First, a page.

16 Indiana Journal of Global Legal Studies 311 (2009)
This article addresses representativity questions that arise from the formal insertion of private,functional groups within the European Union (EU) governance via the EU social dialogue. It depicts the representativity debate at the EU social dialogue and suggests that important lessons can be learned through the examination of another institutional context in which similar questions have been raised and addressed: the International Labor Organization (ILO) tripartite structure. In addition, it ascertains that the issue of representativity of the EU social partners would further benefit from viewing it in the broader context of the EU "democratic deficit." The article concludes that such an analysis underscores the need to rethink the current understanding of representativity in the EU social dialogue. In particular, it considers the benefits and disadvantages of expanding the notion of representativity to encompass the internal structural mechanisms of the EU social partners.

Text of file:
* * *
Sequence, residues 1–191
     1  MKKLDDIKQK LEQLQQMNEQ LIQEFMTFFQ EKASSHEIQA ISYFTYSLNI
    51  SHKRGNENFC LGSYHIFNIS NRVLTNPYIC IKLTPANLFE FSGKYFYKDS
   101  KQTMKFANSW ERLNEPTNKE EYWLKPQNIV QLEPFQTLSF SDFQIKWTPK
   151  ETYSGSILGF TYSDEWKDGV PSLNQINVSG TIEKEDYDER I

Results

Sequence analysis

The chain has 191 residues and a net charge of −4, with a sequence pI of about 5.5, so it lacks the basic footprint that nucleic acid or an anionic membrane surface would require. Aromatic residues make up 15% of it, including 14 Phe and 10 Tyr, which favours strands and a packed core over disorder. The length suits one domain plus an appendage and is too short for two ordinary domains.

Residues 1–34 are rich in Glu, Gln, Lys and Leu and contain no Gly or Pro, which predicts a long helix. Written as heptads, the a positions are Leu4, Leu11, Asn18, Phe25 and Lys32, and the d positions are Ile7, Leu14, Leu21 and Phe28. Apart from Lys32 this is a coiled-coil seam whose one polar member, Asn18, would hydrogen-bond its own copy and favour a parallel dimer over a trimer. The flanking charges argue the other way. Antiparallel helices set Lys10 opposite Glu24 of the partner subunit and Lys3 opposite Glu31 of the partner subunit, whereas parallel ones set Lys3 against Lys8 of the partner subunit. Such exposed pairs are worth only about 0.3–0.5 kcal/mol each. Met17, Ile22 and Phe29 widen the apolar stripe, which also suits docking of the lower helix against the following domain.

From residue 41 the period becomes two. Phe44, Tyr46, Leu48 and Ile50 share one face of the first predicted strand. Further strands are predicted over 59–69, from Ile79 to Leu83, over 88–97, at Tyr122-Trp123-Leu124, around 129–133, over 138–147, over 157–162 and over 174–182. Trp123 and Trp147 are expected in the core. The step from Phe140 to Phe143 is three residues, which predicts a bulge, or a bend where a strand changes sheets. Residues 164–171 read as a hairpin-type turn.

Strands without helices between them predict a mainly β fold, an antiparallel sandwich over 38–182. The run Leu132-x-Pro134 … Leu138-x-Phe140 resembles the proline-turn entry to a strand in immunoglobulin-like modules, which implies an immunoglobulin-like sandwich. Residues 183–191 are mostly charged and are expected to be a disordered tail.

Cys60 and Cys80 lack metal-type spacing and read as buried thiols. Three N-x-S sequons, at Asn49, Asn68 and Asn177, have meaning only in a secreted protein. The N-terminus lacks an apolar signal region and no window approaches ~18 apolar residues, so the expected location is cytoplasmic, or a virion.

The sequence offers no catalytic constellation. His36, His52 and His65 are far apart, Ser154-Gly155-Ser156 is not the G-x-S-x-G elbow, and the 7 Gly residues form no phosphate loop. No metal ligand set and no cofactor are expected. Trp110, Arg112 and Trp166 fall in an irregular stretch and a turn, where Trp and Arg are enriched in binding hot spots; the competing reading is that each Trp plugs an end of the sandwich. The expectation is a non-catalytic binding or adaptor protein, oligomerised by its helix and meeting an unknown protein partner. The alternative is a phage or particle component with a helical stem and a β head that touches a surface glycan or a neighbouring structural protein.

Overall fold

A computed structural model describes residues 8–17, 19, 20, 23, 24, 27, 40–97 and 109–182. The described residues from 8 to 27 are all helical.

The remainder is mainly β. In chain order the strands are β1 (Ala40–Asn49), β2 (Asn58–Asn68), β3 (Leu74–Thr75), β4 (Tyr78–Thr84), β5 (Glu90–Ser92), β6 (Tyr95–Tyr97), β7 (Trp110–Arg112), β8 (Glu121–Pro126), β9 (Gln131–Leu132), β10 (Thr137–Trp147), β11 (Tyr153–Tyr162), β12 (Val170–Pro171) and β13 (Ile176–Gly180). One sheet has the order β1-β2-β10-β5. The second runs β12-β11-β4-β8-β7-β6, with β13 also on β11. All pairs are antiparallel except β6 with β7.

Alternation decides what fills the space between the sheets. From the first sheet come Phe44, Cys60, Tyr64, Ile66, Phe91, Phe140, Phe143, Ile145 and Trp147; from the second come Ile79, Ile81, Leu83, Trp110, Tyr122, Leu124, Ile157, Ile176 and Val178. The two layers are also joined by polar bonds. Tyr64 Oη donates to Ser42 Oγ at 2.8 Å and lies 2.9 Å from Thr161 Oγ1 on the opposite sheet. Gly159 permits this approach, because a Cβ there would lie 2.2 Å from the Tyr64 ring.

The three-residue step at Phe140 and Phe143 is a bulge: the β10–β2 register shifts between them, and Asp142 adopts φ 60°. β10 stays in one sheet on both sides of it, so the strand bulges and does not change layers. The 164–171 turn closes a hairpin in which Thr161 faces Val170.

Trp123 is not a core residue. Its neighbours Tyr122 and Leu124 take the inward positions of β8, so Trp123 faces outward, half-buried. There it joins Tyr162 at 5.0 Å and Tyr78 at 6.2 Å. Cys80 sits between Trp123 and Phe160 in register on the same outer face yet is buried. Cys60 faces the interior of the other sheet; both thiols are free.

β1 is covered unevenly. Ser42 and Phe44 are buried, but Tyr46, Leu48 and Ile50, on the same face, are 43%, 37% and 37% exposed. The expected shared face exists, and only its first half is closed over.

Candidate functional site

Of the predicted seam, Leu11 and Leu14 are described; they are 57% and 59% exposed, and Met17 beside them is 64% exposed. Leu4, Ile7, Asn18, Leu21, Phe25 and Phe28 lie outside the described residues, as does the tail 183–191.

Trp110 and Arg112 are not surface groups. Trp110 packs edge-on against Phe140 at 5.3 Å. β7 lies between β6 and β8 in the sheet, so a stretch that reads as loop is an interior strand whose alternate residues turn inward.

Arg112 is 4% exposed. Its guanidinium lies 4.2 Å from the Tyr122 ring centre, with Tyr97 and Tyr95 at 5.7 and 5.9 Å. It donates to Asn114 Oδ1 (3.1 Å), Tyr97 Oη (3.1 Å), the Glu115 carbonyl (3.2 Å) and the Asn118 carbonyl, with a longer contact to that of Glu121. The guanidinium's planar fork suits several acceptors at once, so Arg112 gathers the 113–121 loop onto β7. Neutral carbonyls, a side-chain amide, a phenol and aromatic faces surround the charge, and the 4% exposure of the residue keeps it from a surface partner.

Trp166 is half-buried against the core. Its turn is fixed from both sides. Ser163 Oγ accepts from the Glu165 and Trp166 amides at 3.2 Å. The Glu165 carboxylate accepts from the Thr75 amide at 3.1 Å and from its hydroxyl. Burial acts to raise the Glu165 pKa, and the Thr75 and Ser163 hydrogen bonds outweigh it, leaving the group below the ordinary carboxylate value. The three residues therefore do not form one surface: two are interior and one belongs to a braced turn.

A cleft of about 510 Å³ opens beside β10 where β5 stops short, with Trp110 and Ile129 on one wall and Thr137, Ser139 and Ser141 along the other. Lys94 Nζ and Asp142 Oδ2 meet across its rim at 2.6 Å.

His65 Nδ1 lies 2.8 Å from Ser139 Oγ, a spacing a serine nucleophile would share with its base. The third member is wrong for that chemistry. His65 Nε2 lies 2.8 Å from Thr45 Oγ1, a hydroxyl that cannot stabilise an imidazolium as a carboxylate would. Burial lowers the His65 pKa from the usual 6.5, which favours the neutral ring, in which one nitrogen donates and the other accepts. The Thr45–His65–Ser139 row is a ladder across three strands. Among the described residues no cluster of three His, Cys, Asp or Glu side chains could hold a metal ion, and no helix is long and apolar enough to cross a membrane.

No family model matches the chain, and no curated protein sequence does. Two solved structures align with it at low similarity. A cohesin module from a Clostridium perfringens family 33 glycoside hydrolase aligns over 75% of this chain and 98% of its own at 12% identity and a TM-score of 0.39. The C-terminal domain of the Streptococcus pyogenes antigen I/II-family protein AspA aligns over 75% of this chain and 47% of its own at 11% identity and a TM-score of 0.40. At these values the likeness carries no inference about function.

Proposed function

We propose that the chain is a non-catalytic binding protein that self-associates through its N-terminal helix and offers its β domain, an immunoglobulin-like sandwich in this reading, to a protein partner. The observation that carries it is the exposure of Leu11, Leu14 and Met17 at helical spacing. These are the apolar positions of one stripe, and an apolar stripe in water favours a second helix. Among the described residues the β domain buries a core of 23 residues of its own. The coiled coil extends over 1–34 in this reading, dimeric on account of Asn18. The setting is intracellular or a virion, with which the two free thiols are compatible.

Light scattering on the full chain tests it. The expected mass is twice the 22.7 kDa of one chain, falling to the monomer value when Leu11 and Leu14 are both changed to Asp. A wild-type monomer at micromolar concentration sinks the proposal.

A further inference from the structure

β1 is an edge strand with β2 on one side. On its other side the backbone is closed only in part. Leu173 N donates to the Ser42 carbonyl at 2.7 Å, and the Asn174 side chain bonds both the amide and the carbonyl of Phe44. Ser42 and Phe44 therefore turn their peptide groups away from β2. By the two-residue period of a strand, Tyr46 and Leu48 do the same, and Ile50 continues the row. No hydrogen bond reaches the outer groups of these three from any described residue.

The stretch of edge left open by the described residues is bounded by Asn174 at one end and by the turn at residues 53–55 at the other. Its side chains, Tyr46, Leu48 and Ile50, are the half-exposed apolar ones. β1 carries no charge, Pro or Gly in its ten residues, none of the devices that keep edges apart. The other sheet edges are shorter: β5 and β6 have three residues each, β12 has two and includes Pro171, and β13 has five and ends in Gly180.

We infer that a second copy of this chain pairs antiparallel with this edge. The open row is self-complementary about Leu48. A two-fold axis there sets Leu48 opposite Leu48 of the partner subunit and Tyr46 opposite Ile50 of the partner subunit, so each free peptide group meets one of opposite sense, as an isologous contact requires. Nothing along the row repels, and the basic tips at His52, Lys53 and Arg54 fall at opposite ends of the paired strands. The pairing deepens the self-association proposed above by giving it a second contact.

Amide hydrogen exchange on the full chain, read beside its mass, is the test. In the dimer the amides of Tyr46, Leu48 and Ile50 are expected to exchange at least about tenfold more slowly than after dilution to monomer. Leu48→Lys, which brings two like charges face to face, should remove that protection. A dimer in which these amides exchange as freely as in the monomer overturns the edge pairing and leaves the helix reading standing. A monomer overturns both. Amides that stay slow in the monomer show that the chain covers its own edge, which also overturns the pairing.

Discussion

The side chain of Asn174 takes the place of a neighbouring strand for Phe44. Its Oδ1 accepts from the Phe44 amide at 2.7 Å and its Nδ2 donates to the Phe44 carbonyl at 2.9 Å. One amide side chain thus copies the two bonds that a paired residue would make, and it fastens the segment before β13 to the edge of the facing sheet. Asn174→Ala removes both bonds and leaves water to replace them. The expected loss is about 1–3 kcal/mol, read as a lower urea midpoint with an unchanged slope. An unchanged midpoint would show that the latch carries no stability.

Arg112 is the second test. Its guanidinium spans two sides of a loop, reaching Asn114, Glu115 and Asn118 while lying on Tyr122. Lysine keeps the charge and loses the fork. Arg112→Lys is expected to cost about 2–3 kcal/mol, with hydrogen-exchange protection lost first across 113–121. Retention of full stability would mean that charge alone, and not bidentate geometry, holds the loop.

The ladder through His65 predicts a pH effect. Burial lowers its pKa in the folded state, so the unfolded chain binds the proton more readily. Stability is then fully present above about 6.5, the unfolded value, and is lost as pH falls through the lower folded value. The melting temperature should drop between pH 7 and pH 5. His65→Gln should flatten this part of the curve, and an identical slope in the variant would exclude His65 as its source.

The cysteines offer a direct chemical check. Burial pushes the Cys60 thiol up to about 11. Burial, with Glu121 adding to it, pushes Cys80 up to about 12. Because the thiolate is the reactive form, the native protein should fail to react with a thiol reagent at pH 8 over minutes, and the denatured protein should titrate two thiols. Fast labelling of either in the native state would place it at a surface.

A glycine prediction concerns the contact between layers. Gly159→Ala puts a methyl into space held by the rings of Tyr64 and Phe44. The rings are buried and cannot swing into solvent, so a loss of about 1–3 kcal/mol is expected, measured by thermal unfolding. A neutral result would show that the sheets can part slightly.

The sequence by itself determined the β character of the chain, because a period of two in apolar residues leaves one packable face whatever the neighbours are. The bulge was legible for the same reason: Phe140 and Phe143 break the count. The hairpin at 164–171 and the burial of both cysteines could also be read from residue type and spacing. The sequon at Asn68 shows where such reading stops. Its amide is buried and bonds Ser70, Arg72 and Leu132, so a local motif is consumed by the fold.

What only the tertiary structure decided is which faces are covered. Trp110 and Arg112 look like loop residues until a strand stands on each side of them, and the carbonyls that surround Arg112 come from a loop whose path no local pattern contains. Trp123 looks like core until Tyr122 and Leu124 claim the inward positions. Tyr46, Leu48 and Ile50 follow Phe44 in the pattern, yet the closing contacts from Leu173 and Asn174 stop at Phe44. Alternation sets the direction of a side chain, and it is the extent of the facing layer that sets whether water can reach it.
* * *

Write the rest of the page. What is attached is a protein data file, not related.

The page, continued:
Operationalizing Global Governance, Symposium. Indiana University Maurer School of Law-Bloomington, Indiana, March 19-21, 2008
"Representativity, Civil Society, and the EU Social Dialogue: Lessons from the International Labor Organization,"
Indiana Journal of Global Legal Studies: Vol. 16:
1, Article 12.
Available at: https://www.repository.law.indiana.edu/ijgls/vol16/iss1/12